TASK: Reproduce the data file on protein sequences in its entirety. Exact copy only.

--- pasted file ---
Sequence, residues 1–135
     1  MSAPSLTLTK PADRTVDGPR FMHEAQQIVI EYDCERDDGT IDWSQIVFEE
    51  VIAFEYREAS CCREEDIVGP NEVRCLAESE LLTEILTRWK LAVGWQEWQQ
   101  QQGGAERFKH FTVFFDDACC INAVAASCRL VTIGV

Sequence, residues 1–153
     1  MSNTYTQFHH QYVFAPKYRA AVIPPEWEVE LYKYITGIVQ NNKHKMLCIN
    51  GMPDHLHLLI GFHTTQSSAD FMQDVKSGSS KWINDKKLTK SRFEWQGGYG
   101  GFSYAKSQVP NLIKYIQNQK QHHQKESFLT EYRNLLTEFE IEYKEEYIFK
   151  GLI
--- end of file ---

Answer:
Sequence, residues 1–135
     1  MSAPSLTLTK PADRTVDGPR FMHEAQQIVI EYDCERDDGT IDWSQIVFEE
    51  VIAFEYREAS CCREEDIVGP NEVRCLAESE LLTEILTRWK LAVGWQEWQQ
   101  QQGGAERFKH FTVFFDDACC INAVAASCRL VTIGV

Sequence, residues 1–153
     1  MSNTYTQFHH QYVFAPKYRA AVIPPEWEVE LYKYITGIVQ NNKHKMLCIN
    51  GMPDHLHLLI GFHTTQSSAD FMQDVKSGSS KWINDKKLTK SRFEWQGGYG
   101  GFSYAKSQVP NLIKYIQNQK QHHQKESFLT EYRNLLTEFE IEYKEEYIFK
   151  GLI